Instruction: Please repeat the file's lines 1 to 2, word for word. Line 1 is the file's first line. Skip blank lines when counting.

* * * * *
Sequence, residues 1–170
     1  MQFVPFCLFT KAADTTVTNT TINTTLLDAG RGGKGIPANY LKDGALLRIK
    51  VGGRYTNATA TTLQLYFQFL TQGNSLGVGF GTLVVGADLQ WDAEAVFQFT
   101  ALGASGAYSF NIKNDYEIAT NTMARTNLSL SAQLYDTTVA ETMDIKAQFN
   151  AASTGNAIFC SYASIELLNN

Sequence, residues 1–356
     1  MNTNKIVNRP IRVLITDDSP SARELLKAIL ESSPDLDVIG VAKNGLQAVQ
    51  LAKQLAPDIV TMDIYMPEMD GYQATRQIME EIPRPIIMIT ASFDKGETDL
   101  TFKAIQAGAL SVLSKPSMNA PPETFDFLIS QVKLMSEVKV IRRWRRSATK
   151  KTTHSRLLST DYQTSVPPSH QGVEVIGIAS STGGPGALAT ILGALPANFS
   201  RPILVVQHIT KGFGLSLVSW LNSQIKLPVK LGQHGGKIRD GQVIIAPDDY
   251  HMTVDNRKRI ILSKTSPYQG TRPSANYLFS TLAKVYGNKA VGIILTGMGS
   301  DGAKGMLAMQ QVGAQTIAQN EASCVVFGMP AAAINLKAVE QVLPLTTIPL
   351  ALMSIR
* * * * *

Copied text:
Sequence, residues 1–170
     1  MQFVPFCLFT KAADTTVTNT TINTTLLDAG RGGKGIPANY LKDGALLRIK